Background: Assertive community treatment for first-episode psychosis programs have been shown to improve symptoms and reduce service use. There is little or no evidence on whether these programs can increase access to income assistance and improve medication adherence in first episode psychosis patients. This research examines the impact of the Early Psychosis Prevention and Intervention Service (EPPIS) on these outcomes. Methods: We extracted data on EPPIS patients held in the Data Repository at the Manitoba Centre for Health Policy. The Repository is a comprehensive collection of person-level de-identified administrative records, including data from Manitoba's health services. We compared income assistance use and antipsychotic medication adherence in EPPIS patients to a historical cohort matched on pattern of diagnosis. Confounders were adjusted through propensity-score weighting with asymmetrical trimming. Odds ratios (OR), hazard ratios (HR) and 95% confidence intervals were calculated. Results: We identified a matched sample of 244 patients and 449 controls. EPPIS patients had a higher rate of income assistance use during the program (67.4% vs. 38.7%; p< 0.0001). EPPIS patients were more likely to have been prescribed at least one antipsychotic medication than the control cohort, both during the program (OR = 15.05; 95%CI 10.81 to 20.94) and after the program ended (OR = 5.20; 95%CI: 4.50 to 6.02). Patients in EPPIS were also more likely to adhere to their medication during the program (OR = 4.71; 95%CI 3.75 to 5.92), and after the program (OR = 2.54; 95%CI 2.04 to 3.16). Conclusion: Enrolment in the EPPIS program was associated with increased adherence to antipsychotic medication treatment and improved uptake of income assistance.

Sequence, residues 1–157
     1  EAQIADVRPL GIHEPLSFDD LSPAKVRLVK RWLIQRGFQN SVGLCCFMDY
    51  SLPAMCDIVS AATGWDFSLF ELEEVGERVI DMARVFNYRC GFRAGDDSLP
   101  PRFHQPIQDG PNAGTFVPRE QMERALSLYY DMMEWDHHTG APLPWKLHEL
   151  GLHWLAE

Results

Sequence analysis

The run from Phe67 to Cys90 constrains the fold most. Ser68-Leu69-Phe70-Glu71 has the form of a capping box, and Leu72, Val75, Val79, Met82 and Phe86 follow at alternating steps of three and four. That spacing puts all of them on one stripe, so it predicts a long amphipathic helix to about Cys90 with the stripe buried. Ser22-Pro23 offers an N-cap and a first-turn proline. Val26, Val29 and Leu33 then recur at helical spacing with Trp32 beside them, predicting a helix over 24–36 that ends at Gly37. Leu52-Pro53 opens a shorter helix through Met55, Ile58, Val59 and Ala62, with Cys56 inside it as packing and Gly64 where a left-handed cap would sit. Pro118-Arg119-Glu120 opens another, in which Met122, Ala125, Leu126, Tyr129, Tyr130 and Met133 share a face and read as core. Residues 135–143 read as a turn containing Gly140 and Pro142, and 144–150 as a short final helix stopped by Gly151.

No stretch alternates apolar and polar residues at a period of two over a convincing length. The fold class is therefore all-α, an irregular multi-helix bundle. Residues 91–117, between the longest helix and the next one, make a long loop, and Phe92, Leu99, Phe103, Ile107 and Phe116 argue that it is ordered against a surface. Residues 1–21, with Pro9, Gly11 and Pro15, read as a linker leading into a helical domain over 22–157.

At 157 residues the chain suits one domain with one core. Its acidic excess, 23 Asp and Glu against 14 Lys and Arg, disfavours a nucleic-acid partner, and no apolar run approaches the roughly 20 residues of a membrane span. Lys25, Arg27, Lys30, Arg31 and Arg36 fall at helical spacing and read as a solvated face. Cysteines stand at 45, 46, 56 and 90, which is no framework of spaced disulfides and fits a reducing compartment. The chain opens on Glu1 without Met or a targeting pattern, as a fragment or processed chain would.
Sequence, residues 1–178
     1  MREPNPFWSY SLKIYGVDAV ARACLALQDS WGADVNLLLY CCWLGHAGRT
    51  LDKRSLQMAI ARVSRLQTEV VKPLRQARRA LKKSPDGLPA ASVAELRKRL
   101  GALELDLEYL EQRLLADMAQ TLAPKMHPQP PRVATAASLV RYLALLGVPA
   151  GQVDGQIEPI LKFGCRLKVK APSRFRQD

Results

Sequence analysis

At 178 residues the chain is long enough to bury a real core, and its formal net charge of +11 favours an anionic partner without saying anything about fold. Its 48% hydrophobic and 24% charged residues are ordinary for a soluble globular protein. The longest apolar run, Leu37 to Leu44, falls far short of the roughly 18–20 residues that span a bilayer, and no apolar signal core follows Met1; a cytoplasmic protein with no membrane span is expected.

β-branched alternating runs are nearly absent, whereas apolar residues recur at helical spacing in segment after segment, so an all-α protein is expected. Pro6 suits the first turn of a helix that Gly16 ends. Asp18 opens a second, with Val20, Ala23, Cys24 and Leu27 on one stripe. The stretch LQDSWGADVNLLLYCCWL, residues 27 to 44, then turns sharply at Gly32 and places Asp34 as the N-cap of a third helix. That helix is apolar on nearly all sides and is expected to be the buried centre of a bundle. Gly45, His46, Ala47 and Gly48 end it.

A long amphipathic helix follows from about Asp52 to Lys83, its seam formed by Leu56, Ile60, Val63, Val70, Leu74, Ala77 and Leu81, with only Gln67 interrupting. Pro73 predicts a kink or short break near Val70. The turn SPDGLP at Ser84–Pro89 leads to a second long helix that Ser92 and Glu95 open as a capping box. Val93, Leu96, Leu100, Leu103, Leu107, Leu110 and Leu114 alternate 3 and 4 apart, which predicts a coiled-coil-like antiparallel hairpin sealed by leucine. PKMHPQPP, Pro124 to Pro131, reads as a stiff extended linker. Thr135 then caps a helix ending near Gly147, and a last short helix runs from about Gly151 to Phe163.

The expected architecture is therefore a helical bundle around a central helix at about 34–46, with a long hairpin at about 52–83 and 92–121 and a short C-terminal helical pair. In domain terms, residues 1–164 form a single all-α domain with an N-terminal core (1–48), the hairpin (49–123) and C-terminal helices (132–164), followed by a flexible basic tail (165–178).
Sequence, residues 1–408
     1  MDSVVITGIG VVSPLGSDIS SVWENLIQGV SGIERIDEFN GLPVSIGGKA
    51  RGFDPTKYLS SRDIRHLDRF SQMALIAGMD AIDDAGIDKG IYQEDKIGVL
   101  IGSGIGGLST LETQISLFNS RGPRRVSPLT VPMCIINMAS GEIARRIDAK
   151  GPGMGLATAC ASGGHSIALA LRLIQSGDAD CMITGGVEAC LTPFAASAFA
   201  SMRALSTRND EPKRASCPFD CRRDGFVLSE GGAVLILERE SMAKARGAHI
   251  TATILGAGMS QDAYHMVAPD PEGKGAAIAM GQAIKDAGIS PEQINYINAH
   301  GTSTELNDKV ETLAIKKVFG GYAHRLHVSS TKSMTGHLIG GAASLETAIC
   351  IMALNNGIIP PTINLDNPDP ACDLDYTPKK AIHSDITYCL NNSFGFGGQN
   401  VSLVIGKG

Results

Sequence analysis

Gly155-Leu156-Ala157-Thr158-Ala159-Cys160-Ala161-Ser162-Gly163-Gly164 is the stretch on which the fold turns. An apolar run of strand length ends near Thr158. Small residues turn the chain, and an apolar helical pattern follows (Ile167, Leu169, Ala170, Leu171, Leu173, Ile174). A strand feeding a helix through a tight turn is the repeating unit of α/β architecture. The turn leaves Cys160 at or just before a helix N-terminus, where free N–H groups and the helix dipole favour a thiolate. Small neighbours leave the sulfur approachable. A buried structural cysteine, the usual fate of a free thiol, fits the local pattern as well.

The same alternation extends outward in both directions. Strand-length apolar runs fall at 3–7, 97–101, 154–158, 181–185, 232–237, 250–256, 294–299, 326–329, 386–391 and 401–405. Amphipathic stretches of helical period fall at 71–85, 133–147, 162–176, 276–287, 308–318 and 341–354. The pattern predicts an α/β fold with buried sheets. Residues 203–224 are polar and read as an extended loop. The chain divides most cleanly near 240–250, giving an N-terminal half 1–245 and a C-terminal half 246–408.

Randall, J., Chateau, D., Bolton, J. M., Smith, M., Katz, L., Burland, E., … Walld, R. (2017). Increasing medication adherence and income assistance access for first-episode psychosis patients. PLoS ONE, 12(6). https://doi.org/10.1371/journal.pone.0179089